1. Long exposure, 1892
All of them dead by now, and posed
so stiffly, in their sepia Sunday
best, they seem half-dead already.
Father and Eldest Son, each dressed
in high-cut jacket and floppy tie,
never get to sit in the sitting room.
They stand to face a firing squad
behind Mother and the little girls
themselves bolt upright on the sofa,
hands at their sides, their center-parted
hair pulled back, two rows of rickrack
flanking the twenty buttons down
the plumb line of their bodices.
And here, discovered alone downstage
and slightly to the left, the boy
such a beautiful boy. Although
theyve tried to make him a little man,
upholstering him in herringbone,
you can see him itching to run out
with his hoop and stick, happy because
even at this moment, when
nobody could be happy, he knows
in the tilt of his blond head, the frank
time-burning gaze beneath his cowlick
that he is the most loved.
2. Flappers, 1925
Im in the guesthouse some days before
focusing on another portrait:
professional, black-and-white, composed
to lend a spacious dignity
to the one life lived behind each face.
Again, the dates approximate;
Im guessing from the arty look,
the flapperish, drop-waisted frock
and ropes of wooden beads on the wife
ofyes, it has to be. No more
the poster boy for posterity,
hes a commanding forty. The cowlicks
still there (although now he slicks
it down with something), and he still
cocks his head to one side, a hint
of flirtation, exasperationwhat?
in the eyes he trains at the camera
as if hed give me what I want
if only he could emerge now from
the frame. We stare in mutual
boldness while his wifes long profile
is tendered to the child between them.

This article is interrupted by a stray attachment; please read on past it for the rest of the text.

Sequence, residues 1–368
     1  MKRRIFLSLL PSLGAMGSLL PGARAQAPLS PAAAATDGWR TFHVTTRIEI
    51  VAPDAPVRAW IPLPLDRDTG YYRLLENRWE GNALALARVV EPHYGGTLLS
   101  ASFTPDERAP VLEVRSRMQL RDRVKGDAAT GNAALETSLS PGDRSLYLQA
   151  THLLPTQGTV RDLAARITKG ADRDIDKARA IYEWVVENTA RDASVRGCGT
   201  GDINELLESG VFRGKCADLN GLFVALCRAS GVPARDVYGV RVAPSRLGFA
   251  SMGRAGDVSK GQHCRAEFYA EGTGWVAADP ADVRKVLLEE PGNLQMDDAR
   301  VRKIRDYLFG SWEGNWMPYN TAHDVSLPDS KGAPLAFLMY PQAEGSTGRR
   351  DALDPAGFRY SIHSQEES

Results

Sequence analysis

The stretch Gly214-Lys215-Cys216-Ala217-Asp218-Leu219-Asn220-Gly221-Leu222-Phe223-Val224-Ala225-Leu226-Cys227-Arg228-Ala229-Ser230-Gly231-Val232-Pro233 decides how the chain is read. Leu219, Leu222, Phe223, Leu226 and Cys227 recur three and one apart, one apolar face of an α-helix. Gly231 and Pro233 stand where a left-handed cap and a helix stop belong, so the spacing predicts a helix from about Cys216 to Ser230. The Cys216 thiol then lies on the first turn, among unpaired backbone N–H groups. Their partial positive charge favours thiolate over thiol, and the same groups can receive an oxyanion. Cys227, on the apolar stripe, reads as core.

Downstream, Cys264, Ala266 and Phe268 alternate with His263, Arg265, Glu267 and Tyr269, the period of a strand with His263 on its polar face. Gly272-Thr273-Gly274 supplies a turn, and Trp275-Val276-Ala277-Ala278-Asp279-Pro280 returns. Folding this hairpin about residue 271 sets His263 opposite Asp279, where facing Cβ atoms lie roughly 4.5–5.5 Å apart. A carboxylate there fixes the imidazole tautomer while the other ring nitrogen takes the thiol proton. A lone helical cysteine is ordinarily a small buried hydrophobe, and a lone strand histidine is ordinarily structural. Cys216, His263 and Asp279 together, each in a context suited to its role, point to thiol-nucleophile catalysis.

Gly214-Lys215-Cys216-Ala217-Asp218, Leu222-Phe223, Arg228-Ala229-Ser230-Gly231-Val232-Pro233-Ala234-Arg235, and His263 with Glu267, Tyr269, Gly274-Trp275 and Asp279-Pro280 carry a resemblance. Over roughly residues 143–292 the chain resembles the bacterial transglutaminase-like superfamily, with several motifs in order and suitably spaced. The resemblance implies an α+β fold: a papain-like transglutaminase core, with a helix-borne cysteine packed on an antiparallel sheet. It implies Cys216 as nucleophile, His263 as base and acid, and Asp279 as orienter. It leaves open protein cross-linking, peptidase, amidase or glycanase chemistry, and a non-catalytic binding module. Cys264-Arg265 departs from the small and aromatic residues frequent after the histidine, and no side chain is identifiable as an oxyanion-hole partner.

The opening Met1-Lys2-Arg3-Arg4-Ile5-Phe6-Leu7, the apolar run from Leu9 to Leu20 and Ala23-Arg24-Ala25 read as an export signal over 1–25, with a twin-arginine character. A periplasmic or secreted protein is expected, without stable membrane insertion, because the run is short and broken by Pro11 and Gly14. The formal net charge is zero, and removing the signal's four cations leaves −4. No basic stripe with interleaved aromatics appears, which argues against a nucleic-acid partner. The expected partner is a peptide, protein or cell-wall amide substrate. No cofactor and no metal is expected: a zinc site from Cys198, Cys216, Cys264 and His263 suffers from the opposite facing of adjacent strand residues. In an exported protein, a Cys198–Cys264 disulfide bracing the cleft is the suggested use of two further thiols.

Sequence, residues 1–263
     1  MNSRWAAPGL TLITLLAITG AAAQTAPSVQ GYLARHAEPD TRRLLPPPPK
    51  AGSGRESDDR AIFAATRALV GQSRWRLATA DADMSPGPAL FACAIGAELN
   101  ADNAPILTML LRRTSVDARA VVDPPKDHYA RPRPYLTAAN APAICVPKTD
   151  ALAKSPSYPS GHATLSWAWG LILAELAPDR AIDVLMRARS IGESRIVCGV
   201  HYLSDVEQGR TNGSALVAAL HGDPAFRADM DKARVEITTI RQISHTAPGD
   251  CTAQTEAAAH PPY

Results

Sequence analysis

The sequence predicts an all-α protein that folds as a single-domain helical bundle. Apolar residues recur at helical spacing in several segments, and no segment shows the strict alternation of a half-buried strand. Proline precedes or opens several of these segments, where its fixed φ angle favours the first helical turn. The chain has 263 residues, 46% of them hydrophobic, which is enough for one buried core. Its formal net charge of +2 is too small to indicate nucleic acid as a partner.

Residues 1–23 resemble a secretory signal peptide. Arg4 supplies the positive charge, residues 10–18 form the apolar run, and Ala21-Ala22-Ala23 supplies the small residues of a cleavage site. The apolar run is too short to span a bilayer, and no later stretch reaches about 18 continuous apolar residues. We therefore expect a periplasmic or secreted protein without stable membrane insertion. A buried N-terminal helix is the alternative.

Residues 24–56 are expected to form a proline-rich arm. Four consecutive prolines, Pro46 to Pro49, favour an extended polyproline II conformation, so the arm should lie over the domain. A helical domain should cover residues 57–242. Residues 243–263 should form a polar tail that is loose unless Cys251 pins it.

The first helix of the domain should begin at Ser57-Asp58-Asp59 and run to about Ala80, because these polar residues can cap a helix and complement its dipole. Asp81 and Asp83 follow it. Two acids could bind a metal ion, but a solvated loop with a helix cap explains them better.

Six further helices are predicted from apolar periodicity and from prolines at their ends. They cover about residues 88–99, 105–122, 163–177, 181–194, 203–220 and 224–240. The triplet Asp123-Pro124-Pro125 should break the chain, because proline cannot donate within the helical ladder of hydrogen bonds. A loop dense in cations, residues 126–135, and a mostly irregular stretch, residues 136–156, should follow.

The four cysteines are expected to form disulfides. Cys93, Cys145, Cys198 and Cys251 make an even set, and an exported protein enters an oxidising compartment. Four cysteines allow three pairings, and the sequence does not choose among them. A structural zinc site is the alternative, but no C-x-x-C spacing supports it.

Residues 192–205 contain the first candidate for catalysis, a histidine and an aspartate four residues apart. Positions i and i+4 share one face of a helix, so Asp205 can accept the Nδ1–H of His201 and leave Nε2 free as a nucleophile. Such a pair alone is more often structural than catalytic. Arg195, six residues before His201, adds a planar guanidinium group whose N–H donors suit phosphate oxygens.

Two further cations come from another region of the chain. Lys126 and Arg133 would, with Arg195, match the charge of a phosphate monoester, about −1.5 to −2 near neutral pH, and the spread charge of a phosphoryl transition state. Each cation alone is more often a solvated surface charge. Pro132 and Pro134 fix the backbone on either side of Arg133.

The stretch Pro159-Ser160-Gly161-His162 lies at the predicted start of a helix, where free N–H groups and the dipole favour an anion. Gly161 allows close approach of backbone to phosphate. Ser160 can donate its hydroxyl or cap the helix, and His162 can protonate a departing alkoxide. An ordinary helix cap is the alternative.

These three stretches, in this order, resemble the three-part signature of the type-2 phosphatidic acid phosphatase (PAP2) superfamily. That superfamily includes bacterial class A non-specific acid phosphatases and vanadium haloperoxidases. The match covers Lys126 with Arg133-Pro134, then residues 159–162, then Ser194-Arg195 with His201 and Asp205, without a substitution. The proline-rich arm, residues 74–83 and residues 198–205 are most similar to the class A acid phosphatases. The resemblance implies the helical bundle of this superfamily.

One girl: a modern family.
I speculate a little son
was lost to the great flu; even so,
this fair-haired Zelda in a bob,
ten years old, would come to seem
enough, the image of her father.
The smile high-cheeked and confident,
the shining eyes, the upturned chin
people matter more now; theyll die
less often, now that the Great Wars over;
everyones allowed to sit down.
3. Wheelchair, 2000
The jumbles of grinning faces jammed
together at birthdays and Christmases
in color photos around the house
dont interest me.
Theyre merely today, or close enough;
anybody can record it
and does; if everythings recorded
But puttering about, the guest
of a ghost I now am half in love with,
Im drawn one day to pluck one image
off the piano.
A wedding. Or some minutes after,
outside a church Ive seen in town.
The bride, who has exercised her right
to veil, white gown,
and any decorum life affords
these days, is surrounded by the girls
some floral aunts, a gawky niece
in her first pearls
and all the men in blazers, khakis
running shoes? Boys will be boys.
Squirming, they squint into the sun:
shutterbug has made sure they cant
see us, or we see them, and yet
I understand now who is shaded
there in the wheelchair.
Dwindled, elderly, its Zelda
her lumpy little body slumped
like a dolls in a highchair, shoes just
grazing the footrest.
It must be she. However many
lives her hair went throughForties
complications held with tortoise-
shell combs; beehives;
softer bouffants like Jackies; fried
and sprayed gray-pincurl granny perms
in all the years (say, seventy-five?)
since I last saw her,
shes come back to that sleek, side-parted
bob, which (though its white) encloses
the girl whos smiling, pert, high-cheeked,
despite the pull
of gravity: just like her father.
Or as he was. When did he die,
and how? What was his name? Whats yours?
I could find out,
surely, when I leave here; the owner
might well be her granddaughter.
I could scout, too, for snapshots even
get-together with no wheelchair
to prove what Im sensing: Zeldas gone.
Why would they bother to frame this scene,
unless its the last?
But why should we care so for people
not us or oursrecognized by sight
alonewhose voices never spoke
with wit or comfort
to us, and whose very thoughts,
imagined, every year grow quainter?
Yet they must have felt this tug as well,
peering at someone they were bound
to come back to, as in a mirror.
Who says theyre more anonymous
than I am,
packing up after my two weeks
in the guesthouse? I make one last study
of Zeldas father, lingering with
the boy, the man,
sealing his developing
face in myself for safekeeping.
Too soon to leave. But then, nobody
ever stays here long.
This article originally appeared in The New Criterion, Volume 21 Number 5, on page 29
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